Here I propose the use of a synthetic time construct. This would be in the form of a global variable which is manually incremented at the instance of each calculation. For example, consider algorithm~\ref{algo:checker2}, the previously mentioned algorithm for a check function with the addition of synthetic time:
\begin{algorithm}[H]
\begin{algorithmic}
\State \textbf{let global} time $ = 0$
\Function{Check}{$password$}
\State \textbf{let} time $ = \text{time} + 1$
\If{length($password$) $\neq$ length($secret$)}
\Return False
\EndIf
\State \textbf{let} $i = 0$
\State \textbf{let} time $ = \text{time} + 1$
\While {($i \le$ length($password$)) \textbf{and} ($password\big[ i \big] \equiv secret\big[ i \big]$) }
\State \textbf{let} $i=i+1$
\State \textbf{let} time $ = \text{time} + 1$
\EndWhile
\Return ($i \equiv $ length($password$))
\EndFunction
\end{algorithmic}
\caption{Password checker with synthetic time}
\label{algo:checker2}
\end{algorithm}
In each occurrence of a new computation, the global time variable is incremented. In this example, the increment was simply $1$ each time for demonstration, but experimentation can be done to find increments that are more representative of the true computation time.
In order to make the synthetic time construct more realistic, noise can be injected from a specified distribution. As figure~\ref{fig:3a} seems to exhibit a normal distribution of noise, I will inject Gaussian noise whilst using synthetic timing measurements. Although the use of Gaussian noise is not a definite representation of the true noise involved in timing channels, taking a greater amount of measurements will still make attacks translatable regardless of the underlying distribution.
Using synthetic time will allow strict management of noise contribution, thus providing a good environment to run experiments in. For instance, noise could be made negligible in order to test an attacks true capabilities of finding timing variations and using them accordingly. The noise can then be gradually increased, whilst being able to tweak the attack to cope with it.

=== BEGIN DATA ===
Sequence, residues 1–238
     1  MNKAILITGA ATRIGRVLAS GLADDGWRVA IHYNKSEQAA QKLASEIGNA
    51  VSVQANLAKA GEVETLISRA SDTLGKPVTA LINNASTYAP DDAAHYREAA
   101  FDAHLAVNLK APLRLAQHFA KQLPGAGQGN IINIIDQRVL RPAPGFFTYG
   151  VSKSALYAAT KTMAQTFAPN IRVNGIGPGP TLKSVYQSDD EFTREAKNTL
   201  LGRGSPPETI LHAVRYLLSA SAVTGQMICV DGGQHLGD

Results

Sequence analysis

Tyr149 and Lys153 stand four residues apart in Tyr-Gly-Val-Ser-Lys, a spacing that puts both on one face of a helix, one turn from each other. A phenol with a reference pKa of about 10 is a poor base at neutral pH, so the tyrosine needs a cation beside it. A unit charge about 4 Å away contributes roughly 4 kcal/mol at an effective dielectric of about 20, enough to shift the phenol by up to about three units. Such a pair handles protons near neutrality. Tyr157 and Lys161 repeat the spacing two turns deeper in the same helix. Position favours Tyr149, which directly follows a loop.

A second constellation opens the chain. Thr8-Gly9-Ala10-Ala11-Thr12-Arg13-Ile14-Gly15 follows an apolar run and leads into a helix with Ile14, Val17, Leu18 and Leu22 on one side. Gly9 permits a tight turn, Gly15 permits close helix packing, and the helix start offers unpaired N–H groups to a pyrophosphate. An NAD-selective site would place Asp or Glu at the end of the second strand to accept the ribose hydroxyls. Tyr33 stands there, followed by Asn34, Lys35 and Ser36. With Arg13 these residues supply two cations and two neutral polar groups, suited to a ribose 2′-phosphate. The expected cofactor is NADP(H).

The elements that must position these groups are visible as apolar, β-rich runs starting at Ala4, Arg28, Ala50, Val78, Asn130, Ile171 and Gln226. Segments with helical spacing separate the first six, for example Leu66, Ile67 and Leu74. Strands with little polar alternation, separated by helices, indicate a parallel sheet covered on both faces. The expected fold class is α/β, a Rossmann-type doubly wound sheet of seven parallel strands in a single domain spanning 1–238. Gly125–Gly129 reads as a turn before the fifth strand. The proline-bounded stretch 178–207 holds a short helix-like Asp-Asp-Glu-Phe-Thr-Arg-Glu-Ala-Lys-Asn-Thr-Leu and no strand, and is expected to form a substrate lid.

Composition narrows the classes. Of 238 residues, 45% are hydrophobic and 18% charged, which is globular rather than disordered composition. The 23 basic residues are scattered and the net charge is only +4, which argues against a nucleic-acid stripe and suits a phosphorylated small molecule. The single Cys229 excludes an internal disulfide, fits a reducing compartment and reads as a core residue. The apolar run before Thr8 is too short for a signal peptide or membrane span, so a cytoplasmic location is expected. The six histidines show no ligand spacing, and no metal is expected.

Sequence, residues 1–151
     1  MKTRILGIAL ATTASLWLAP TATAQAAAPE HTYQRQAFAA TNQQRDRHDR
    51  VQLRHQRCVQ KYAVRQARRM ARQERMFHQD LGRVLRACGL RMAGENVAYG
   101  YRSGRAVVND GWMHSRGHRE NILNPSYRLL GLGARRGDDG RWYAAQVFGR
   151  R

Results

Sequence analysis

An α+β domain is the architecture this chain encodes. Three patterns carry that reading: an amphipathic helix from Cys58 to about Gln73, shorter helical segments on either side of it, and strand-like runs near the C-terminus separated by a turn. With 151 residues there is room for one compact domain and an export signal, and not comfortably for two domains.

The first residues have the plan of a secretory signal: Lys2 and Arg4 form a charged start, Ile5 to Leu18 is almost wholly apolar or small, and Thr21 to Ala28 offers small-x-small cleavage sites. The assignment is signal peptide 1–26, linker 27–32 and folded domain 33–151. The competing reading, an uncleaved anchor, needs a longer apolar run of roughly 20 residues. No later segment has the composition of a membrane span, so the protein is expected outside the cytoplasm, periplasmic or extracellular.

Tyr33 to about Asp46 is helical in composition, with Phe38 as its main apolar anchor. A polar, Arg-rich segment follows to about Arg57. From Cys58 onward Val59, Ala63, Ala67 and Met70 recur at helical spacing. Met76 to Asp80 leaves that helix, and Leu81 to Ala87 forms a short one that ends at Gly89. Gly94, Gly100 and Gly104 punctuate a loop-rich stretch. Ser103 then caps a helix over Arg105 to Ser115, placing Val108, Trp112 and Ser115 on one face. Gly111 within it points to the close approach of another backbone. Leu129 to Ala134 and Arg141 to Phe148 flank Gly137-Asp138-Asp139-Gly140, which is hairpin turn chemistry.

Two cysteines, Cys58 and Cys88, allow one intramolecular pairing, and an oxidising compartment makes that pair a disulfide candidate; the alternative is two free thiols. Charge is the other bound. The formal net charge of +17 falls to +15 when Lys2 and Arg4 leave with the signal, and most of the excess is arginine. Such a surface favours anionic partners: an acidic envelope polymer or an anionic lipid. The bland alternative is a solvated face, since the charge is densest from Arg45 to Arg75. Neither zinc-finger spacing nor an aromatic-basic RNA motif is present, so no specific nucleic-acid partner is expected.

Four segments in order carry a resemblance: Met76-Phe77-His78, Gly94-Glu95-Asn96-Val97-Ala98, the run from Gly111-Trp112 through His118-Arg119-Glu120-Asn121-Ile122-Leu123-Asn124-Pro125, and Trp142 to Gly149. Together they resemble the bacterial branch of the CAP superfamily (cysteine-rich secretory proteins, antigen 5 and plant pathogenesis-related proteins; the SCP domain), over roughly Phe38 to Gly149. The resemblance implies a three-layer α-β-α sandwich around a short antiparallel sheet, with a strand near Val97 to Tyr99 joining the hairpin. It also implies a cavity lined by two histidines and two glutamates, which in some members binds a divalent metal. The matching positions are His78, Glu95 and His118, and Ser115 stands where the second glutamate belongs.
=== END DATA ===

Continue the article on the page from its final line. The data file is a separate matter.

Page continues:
\section{Experiments}
\subsection{Attacking the Check Function}
The first attack I developed was on algorithm~\ref{algo:checker}, the password check function. This was written in C++11 with a synthetic timer, and is attached as `\textit{checkattack.cpp}'. It can crack passwords with length of up to 250 alphanumeric characters, including capitals. This 250 length limit is adjustable.
Whilst attacking the length, instead of attempting a number of different lengths and choosing the one with the highest runtime, it increments successively until a condition is met to detect an outlier. This condition is when a timing measurement is greater than one standard deviation from the mean of the sample of other measurements. Different conditions were experimented with, but this one proved to work most optimally. Although rarely, noise can mask the detection of this timing variation. Because of this, a limit of length 250 was set to avoid a potential infinite loop. In the case that a variation is missed and the program reaches length 250, it resets the attack and repeats from length 1. This limit is easily adjustable if the user wishes to attack passwords of higher length.